Organic twist to family’s beefy enterprise at Beachport

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The Weekly Times” 15 March, 2016, 11:00 PM

Popular: Michael McCourt says there is plenty of demand for the farm’s beef. Picture: Kate Dowler

 

BEACHPORT’S McCourt family runs one of the most div­erse farming and forestry enterprises in South East South Australia. The family has farmed Woakwine Station near Beachport, 35km northwest of Millicent, since the 1890s. Michael and wife Helen run a large-scale organic beef bus­iness and pine and bluegum forestry enterprise.

“My great-grandfather lan­ded in Adelaide from Ireland, when people asked about his family history he’d say, ‘Our family history starts here’,” ­Michael said.

“We don’t know what happened in Ireland, it may not have even been his real name, so we are Australians; our history starts here.”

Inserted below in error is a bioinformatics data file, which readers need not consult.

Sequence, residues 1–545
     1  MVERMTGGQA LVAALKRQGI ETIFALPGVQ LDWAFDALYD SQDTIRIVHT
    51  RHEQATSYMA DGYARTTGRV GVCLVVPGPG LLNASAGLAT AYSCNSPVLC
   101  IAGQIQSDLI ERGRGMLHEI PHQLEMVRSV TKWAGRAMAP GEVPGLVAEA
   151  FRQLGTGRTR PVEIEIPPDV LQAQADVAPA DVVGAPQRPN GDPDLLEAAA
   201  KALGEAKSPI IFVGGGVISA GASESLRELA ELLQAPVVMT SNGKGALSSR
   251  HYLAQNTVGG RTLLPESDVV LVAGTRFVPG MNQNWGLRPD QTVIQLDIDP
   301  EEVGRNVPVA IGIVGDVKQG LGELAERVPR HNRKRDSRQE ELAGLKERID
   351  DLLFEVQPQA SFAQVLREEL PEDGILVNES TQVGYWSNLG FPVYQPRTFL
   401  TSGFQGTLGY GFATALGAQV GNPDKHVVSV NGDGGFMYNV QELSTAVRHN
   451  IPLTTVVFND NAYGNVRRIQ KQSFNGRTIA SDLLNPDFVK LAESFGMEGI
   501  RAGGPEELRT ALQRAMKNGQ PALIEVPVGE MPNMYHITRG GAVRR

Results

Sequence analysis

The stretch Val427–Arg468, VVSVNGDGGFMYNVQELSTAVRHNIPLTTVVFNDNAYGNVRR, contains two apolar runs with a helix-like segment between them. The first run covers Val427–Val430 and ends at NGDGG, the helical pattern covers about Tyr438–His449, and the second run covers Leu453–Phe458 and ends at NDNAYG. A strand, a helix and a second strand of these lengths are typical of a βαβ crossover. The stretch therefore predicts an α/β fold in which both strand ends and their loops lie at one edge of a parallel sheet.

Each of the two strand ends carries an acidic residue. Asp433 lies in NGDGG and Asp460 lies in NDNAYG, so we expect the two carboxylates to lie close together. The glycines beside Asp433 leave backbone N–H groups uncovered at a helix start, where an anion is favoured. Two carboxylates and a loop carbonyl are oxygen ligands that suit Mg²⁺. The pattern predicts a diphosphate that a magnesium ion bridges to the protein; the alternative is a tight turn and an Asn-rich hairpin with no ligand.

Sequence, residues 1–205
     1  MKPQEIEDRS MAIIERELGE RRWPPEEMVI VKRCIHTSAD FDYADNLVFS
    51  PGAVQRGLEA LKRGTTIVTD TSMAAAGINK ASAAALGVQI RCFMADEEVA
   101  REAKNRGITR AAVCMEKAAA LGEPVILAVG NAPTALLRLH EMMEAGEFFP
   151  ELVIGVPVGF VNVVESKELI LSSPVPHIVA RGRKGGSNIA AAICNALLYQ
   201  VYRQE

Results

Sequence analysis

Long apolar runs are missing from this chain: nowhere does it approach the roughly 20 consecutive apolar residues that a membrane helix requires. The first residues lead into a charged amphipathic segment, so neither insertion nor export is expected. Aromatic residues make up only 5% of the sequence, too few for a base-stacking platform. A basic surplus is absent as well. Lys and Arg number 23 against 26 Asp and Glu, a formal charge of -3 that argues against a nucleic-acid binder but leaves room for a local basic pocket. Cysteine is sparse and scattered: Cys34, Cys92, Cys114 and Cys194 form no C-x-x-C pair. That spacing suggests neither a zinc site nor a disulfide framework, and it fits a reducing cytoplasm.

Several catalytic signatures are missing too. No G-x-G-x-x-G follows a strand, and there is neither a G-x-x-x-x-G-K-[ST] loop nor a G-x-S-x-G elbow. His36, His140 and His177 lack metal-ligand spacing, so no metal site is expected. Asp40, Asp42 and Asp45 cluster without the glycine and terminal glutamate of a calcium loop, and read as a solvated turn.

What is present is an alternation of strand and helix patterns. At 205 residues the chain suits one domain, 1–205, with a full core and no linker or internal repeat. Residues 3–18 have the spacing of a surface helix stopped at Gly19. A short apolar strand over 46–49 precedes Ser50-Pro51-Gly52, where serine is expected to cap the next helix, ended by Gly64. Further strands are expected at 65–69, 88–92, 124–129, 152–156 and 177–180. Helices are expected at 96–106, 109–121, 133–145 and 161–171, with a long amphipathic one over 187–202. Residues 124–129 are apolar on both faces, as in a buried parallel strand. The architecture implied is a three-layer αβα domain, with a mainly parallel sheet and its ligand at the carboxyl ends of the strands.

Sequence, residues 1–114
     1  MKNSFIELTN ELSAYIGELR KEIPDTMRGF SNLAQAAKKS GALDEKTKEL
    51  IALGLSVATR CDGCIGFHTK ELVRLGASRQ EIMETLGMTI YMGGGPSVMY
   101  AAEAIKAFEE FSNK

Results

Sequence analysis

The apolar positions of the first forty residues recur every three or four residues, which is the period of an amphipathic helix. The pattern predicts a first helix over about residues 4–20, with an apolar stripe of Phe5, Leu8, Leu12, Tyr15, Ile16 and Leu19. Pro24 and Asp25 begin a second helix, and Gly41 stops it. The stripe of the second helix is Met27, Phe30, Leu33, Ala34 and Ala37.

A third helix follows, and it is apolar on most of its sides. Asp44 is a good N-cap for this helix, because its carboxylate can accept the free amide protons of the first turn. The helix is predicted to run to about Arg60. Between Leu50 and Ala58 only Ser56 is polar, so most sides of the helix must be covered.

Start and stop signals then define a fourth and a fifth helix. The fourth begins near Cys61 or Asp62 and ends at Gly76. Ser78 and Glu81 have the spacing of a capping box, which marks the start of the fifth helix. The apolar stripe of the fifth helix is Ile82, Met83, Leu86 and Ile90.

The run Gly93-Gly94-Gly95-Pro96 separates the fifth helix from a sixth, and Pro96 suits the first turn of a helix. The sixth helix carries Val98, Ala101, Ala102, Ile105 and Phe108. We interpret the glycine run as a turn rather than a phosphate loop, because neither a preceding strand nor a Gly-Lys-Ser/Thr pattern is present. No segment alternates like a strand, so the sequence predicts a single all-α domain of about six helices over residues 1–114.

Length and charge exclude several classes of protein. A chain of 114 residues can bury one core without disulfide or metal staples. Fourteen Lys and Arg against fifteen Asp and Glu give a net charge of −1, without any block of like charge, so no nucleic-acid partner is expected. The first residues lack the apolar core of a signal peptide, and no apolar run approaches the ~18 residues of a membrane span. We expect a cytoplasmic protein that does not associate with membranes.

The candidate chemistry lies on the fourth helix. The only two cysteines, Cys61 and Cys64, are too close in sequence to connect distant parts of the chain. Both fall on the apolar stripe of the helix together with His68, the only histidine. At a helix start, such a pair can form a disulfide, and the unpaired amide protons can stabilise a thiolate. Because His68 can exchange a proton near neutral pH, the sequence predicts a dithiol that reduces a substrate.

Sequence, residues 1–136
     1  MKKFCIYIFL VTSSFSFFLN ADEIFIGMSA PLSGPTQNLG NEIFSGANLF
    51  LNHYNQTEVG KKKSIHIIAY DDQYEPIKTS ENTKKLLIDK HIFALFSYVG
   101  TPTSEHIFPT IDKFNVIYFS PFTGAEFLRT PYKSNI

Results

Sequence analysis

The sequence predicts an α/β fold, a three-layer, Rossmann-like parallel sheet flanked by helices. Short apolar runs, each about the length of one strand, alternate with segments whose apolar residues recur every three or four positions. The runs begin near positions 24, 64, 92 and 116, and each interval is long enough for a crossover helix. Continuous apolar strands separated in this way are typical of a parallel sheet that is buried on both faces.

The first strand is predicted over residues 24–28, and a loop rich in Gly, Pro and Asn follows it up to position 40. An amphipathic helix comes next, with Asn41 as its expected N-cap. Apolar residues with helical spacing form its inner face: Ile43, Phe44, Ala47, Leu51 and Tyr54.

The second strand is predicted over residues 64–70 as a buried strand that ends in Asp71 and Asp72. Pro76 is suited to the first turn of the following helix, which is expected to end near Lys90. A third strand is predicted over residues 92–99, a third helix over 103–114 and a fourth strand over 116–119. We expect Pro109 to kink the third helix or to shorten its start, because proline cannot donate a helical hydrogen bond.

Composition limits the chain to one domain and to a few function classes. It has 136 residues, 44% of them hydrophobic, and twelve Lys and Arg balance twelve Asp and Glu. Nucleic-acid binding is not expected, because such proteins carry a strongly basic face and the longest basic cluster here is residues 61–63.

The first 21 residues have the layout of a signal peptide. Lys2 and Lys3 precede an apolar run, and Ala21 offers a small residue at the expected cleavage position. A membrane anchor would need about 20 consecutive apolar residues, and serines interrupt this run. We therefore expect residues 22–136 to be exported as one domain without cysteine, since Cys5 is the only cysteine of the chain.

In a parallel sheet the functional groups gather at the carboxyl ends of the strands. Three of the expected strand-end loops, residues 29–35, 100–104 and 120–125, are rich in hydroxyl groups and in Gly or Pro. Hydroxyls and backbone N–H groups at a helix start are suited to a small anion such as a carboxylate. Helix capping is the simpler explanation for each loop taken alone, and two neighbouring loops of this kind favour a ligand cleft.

Much of the South East was low lying wetlands prior to Eur­opean settlement. Major public and private drainage schemes have, since the early 1900s, drained and managed the water across the region, enabling productive agriculture. The Woakwine Range is a sand dune running parallel to the sea and Woakwine Station sits against this range. The range prevented water from draining off Woakwine tow­ards the sea. That was until Michael’s ­father Murray McCourt undertook what was, in 1960, the largest private civil engineering feat in Australia.Murray used a bulldozer, scraper and ripper to slice a cutting through the range to release the water from the inland side towards the coast and into Lake George.

“He was self-motivated, highly energetic and a risk-taker, tenacious and determined,” Michael said.

The slow and dangerous work took three years, carving a 1km cutting through the sandstone, 28m deep.

“He could see potential for the land if it was drained, it is peat soil, the best land we’ve got,” Michael said. “It was six-feet high (1.83m) bulrush beforehand, it was a tiger snake-infested swamp of no agricultural productive value.

“People said up until the day before he finished that water would run back into the cutting from Lake George, but there was no way it would, there is 21 feet (6.4m) of fall.”